The sun is shining.
A week ago this morning that strange yellow orb appeared in the sky, but last Friday afternoon, clouds rolled in, it started to pour and it has been, at a minimum, overcast ever since. I’d be remiss if I failed to mention that it rained for at least the six successive days prior. “At least,” because in truth, clouds and rain have pressed down on us for so much of the last month, that I’ve lost count. It’s a sad state of affairs that in today’s post I’m compelled to discuss the weather, but I wouldn’t be a New Englander if I didn’t spend significant portions of my life complaining about it.
In our area, typical conversational topics include winters that are too cold, too snowy, or then again, not snowy enough--the springs we suffer through, soggy and rainy while we pine for sun. Even a long stretch of favorable weather elicits the gripe, “We need rain.” In that vein, I knew what I would get yesterday when I mentioned hopefully to a man in a red slicker power walking the beach parking lot, that it seemed like the sky was brightening. One side of his mouth went up in a grimace as he replied: “If we should live so long.”
We wait with inhaled breath for late spring and early summer when the air rolls in dry and warm before humidity descends and we start muttering that the temperatures are too hot. When we are lucky, another beautiful spell arrives in September when the nights are cool but the skies are blue and the sun still contains some heat. We feel fortunate when that stretch extends into October before the leaves fall, the wind picks up, and we are reduced to enjoying ourselves in front of a roaring fire. I know, I know, I learned this year that if I dress for it, the weather shouldn’t inhibit me, but that’s a concept to which I’m still assimilating.
In truth, I have always been a summer girl—stemming from the fact that I was shy and reserved in school and somehow, during that season at the lake where I was an expert swimmer, confidence, as well as a joyful exuberance coursed through my veins. My birthday occurs in the summer too, and what kid doesn’t celebrate the weeks leading up to that auspicious time? As I grew older though, I realized that most often a hot spell surrounds the day; over my lifetime there have been many sweaty, mid-nineties-approaching-one-hundred-degree celebrations.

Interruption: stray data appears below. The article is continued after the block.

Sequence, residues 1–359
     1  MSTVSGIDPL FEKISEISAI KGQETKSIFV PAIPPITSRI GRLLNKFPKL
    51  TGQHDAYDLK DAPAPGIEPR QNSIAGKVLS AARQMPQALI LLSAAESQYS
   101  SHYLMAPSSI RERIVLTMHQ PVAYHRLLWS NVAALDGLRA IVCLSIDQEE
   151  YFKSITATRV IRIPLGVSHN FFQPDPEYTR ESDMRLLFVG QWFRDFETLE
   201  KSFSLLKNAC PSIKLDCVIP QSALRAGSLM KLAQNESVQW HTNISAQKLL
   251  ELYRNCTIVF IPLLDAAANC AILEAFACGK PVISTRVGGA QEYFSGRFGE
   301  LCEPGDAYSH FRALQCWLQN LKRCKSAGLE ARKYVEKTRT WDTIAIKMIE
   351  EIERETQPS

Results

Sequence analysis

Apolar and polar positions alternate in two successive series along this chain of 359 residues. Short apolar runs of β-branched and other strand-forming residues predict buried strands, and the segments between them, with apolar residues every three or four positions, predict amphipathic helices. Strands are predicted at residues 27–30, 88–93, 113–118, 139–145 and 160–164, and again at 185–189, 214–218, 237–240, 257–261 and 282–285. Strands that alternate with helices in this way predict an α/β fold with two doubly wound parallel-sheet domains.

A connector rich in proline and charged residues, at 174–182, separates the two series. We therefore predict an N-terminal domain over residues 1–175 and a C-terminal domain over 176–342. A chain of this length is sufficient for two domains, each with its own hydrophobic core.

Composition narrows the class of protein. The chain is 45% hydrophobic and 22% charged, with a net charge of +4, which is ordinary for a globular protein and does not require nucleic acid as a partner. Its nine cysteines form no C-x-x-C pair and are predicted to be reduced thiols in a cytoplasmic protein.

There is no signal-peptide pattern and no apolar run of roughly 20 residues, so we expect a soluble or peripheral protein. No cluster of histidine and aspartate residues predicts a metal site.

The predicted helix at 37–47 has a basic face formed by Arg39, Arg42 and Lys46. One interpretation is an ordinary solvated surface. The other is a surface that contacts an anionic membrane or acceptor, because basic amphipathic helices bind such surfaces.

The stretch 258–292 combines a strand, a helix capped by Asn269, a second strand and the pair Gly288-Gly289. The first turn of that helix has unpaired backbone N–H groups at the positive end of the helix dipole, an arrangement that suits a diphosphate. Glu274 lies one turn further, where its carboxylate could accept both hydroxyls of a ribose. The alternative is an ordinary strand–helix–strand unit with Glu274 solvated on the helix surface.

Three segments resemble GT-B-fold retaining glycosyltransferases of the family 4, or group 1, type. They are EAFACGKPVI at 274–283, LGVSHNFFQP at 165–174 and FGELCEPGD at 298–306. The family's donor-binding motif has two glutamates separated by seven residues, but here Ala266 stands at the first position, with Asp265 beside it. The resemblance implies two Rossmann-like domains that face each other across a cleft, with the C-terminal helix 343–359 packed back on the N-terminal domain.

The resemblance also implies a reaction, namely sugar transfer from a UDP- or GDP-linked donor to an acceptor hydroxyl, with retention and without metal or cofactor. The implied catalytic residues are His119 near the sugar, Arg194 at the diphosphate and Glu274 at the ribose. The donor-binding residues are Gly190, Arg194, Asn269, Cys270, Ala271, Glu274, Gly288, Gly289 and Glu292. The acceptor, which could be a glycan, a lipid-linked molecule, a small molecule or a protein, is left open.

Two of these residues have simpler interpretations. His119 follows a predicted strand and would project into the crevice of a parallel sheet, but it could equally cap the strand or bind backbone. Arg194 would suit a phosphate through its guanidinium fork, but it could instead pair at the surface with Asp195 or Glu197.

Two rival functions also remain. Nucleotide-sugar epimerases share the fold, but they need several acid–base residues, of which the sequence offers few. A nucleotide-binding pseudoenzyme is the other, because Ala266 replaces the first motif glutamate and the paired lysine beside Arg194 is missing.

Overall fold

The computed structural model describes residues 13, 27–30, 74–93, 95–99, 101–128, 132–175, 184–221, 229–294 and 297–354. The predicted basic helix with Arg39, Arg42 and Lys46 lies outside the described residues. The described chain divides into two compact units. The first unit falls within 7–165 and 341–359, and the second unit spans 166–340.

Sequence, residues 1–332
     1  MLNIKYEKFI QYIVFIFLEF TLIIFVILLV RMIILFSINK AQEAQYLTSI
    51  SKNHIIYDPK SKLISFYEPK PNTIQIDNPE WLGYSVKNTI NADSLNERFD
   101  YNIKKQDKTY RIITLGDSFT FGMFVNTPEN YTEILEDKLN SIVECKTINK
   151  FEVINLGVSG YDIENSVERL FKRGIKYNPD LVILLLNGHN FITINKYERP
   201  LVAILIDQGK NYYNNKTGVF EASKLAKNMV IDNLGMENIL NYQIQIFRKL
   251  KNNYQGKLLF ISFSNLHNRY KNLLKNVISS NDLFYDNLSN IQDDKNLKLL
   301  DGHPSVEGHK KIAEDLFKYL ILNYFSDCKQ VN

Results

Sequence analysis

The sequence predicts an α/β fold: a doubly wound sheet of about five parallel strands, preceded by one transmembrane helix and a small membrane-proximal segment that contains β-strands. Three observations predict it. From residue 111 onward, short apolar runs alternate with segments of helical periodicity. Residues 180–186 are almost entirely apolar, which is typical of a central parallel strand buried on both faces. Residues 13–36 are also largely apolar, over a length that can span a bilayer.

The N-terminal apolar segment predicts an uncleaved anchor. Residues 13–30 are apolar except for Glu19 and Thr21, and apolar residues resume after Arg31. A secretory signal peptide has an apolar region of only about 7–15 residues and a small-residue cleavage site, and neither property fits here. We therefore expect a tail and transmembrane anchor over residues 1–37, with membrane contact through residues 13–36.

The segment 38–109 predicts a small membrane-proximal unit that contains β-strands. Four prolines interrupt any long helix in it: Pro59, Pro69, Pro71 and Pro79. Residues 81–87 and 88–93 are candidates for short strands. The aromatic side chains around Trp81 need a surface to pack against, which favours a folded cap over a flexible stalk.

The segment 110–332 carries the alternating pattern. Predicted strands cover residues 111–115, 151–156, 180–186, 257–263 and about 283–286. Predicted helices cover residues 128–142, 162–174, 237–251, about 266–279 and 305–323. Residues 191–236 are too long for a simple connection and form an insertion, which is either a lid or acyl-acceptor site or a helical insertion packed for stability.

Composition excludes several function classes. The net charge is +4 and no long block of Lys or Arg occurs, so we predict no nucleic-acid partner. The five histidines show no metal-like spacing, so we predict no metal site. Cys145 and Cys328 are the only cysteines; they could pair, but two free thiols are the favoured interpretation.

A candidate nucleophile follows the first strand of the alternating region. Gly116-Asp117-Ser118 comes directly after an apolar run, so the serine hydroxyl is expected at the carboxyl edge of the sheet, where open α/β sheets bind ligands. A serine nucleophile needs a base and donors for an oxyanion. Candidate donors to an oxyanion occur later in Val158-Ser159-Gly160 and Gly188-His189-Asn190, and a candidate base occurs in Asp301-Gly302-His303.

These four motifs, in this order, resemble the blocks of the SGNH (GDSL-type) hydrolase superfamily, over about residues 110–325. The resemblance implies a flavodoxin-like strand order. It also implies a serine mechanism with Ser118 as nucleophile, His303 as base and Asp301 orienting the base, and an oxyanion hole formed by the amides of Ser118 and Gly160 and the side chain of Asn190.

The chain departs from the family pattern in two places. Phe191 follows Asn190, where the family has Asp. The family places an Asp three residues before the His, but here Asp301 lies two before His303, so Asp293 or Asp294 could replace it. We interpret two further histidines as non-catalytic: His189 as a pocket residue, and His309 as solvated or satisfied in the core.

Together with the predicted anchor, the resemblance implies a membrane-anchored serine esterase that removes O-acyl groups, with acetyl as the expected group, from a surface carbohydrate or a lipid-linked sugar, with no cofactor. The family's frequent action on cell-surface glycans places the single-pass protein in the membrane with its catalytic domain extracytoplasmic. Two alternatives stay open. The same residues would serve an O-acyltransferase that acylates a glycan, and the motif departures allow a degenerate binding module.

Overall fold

In spite of that I still cherish July, but in 1993, my love of summer climbed a pinnacle to rest on the month of August. In that month, a beautiful girl was born to a loving birthmother who chose my husband and me to be her parents. Our daughter’s birthday occurred on a normal and therefore changeable day in New England. At our house, about three miles from the ocean the sun blazed down; my husband and I decided to go for a sail but when we arrived at the dock the harbor was blanketed with fog. We sat on the damp boat at the mooring, staring glumly at each other and then returned home to a blinking message that changed our lives.
I spent the rest of that August, as well as September and October home with our girl, and it was the first time I realized that August gifts us with pure delight. Occasionally, humidity reappears as a hurricane circles down south and the ocean churns and spews a harvest of seaweed. We wait to see if the storm will turn towards us, but it’s been a long time since one has. Mostly, the air dries out, the nights blow fresh; we breathe deep and pull out the blankets as we crack the windows to one inch.
During the day the sun shines hot, but there is an edge--reminders that summer is waning in the early sugar maples that bleed to orange, mornings that dawn brisk and bees that probe insistently as the flowers in the garden wind down. Morning fog drifts above the pond down the street while the colors around us soften to yellow and gold; visiting cousins to the bright teals and roses of June and July--more stunning as a result of their fleeting nature. We hold on tight and bathe in the remaining heat, embracing each moment because of evidence that is clear. Summer is reaching an end.
So though today I’m plenty frustrated that already we’ve missed the longest days of the season while sitting mired in clouds and fog; I’m OK. It’s all about August now; in front of us looms the promise of our eighth month and its blessing of favorable weather; in our mind, nature’s reflection of a birthday celebration that lasts the entire month long.